• Descola, P. (2013). Beyond nature and culture. Chicago: University of Chicago Press.
    • Donohue, W.A., Rogan, R.G. & Kaufman, S. (eds.) (2011). Framing matters: Perspectives on negotiation research and practice in communication. New York: Peter Lang Publishing Inc.
    • Flusser, V. (2011[1987]). Vampyroteuthis infernalis. (A. Novaes, R.M., Ed. & Trans.). New York: Atropos Press.
    • Foucault, M. (1982). The subject and power. Critical Enquiry, 8(4), 777-795.
    • Ginn, F. (2013). Sticky lives: slugs, detachment and more-than-human ethics in the garden. Transactions of the Institute of British Geographers doi:
    • Hedges, C. (2010). Empire of illusion: The end of literacy and the triumph of spectacle. New York: Nation Books.
    • Henn, B.M., Gignoux, C.R., Jobin, M., Granka, J.M., Macpherson, J.M., Kidd, J.M., … Feldman, M.W. (2011). Hunter-gatherer genomic diversity suggests a southern African origin for modern humans. PNAS 108(13), 5154-5162.
    • Hilton, D.L. (2010). Slave master: how pornography drugs & changes your brain. Society, Sex, Science, 13 online. http://www.salvomag.com/new/articles/salvo13/13hilton.php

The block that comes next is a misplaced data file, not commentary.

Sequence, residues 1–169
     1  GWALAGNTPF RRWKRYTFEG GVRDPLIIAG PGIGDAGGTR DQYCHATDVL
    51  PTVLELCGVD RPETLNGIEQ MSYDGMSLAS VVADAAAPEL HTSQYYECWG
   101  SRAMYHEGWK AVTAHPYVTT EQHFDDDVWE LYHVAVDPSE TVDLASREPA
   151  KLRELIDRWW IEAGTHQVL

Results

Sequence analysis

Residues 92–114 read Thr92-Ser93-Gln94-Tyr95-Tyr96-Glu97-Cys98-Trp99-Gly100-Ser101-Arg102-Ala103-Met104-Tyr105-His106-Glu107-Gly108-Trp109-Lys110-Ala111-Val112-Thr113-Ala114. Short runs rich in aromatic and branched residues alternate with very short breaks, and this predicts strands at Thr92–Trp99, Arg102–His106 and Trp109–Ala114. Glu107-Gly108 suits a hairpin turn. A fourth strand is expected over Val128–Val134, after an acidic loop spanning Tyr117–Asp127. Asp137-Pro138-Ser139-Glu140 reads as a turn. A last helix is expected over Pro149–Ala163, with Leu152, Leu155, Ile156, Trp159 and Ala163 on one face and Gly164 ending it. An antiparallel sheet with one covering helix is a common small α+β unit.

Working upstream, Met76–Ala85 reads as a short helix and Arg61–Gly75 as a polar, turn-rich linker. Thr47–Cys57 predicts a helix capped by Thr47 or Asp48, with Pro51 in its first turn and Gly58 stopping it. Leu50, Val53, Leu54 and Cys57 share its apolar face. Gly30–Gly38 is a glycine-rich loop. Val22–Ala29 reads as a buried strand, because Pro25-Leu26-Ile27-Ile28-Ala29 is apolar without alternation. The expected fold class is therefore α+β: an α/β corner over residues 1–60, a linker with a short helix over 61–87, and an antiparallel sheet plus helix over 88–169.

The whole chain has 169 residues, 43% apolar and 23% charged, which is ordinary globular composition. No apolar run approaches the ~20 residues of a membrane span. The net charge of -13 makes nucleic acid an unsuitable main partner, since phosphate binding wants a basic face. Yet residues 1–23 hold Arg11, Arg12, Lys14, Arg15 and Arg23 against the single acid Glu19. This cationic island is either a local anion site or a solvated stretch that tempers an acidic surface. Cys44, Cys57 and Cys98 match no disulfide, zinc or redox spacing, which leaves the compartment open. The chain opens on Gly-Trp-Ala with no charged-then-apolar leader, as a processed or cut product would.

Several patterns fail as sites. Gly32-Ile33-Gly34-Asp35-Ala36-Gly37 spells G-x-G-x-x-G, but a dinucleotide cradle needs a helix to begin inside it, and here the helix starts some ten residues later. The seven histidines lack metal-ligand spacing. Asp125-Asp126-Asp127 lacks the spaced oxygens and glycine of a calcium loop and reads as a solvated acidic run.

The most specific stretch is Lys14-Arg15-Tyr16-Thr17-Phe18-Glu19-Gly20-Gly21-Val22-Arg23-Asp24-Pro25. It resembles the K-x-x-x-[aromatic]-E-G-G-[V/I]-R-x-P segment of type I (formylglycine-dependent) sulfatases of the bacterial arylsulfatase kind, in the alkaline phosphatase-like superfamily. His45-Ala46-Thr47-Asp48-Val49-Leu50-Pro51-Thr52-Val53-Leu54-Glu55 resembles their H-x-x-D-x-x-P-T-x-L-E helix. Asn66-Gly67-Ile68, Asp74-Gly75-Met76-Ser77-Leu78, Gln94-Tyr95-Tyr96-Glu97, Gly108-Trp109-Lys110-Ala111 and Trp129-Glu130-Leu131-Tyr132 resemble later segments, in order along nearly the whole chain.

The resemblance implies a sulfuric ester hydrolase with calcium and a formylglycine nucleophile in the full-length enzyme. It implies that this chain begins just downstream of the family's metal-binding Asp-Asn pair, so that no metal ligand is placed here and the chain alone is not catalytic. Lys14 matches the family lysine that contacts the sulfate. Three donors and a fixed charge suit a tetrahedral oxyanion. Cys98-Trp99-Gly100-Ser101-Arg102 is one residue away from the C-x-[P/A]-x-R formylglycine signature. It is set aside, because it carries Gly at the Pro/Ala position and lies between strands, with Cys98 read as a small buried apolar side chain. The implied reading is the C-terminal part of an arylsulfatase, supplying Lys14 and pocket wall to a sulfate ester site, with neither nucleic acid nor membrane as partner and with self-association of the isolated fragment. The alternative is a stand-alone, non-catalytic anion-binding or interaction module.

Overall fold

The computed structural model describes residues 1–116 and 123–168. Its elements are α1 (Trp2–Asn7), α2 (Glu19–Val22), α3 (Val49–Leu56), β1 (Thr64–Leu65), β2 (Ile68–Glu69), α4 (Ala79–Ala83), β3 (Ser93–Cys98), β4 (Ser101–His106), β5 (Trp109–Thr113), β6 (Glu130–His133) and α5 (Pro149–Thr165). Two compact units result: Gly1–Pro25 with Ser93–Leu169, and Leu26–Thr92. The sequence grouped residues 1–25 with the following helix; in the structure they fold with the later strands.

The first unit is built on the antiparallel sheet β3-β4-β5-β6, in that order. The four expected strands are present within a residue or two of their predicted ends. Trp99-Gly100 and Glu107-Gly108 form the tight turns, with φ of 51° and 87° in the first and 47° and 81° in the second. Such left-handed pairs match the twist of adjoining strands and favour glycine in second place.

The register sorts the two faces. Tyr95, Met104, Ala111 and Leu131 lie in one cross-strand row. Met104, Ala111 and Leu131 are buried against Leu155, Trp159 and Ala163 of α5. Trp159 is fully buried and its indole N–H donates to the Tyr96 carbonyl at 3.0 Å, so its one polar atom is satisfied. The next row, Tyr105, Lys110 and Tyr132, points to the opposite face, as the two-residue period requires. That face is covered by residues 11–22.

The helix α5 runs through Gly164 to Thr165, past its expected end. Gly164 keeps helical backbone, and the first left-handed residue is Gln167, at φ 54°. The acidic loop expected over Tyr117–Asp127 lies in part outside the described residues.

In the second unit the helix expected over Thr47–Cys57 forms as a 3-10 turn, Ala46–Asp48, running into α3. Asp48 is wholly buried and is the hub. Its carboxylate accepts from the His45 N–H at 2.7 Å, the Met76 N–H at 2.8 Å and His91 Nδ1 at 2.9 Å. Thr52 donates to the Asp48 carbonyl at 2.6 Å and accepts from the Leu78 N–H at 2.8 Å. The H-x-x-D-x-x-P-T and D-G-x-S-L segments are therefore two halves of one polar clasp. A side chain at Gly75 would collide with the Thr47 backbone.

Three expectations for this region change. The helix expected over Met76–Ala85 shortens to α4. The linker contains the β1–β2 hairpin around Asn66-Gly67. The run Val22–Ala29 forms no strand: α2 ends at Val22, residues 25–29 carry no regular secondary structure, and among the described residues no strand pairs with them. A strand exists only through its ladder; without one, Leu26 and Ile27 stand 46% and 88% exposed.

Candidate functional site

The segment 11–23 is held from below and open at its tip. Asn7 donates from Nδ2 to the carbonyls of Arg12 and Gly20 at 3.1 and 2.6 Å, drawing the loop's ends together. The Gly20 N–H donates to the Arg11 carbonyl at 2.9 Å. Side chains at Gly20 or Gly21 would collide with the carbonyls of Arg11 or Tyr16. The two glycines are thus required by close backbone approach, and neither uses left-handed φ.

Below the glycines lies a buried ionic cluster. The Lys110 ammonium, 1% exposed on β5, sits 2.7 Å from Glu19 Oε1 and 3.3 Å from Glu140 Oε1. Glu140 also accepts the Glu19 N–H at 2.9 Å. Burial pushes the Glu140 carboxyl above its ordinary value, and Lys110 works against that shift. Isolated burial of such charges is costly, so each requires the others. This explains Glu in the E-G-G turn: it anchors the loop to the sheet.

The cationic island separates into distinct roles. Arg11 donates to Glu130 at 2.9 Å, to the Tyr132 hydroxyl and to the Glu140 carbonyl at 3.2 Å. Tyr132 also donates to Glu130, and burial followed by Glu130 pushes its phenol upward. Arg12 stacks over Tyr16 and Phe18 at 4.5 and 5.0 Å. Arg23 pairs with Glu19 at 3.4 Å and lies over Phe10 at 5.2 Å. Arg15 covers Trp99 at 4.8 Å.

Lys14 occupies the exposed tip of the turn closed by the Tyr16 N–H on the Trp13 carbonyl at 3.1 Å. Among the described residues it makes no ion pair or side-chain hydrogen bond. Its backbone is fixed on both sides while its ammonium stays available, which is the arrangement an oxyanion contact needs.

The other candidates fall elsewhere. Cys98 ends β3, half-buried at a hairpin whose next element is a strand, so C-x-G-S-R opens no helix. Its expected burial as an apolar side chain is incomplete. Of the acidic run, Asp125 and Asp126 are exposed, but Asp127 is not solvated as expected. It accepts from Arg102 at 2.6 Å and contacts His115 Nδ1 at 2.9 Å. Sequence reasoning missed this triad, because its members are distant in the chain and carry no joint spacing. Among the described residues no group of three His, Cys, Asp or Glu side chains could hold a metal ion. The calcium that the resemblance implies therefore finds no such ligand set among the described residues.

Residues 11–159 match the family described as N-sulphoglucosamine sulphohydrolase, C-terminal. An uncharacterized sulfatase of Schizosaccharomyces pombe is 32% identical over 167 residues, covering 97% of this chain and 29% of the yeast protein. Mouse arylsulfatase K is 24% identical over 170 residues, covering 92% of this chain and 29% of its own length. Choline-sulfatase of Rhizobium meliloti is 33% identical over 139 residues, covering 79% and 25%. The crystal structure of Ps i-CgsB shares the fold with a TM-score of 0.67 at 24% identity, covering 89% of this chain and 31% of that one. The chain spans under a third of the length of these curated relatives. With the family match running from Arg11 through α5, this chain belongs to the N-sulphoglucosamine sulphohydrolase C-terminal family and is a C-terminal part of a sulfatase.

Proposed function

• Hurrel, S. and Brennan, R. (2014). Clyde Reflections: a film and audio-visual installation. Pp. 38-51 in Griffith D. (Ed.) Imagining Natural Scotland. Creative Scotland: Edinburgh and Glasgow.
    • Kohn, E. (2013). How forests think: Toward an anthropology beyond the human. London: University of California Press.
    • Lakoff, G. (1987). Women, fire and dangerous things: What categories reveal about the mind. Chicago: University of Chicago Press.
    • Lakoff, G. (2008). The political mind: Why you can't understand 21st century American politics with an 18th century brain. New York: Penguin Group.
    • Lakoff, G. (2010). Why it matters how we frame the environment. Environmental Communication: A Journal of Nature and Culture, 4(1), 70-81.
    • Latour, B. (1993). We have never been modern. Cambridge, Massachusetts: Harvard University Press.
    • Latour, B. (2010). An attempt at a compositionist manifesto. New Literary History, 41 (3), 471-490.
    • Massumi, B. (2014). What animals teach us about politics. Durham: Duke University Press.
    • McLuhan, M. (1964). Understanding media: The extensions of man. New York: McGraw-Hill.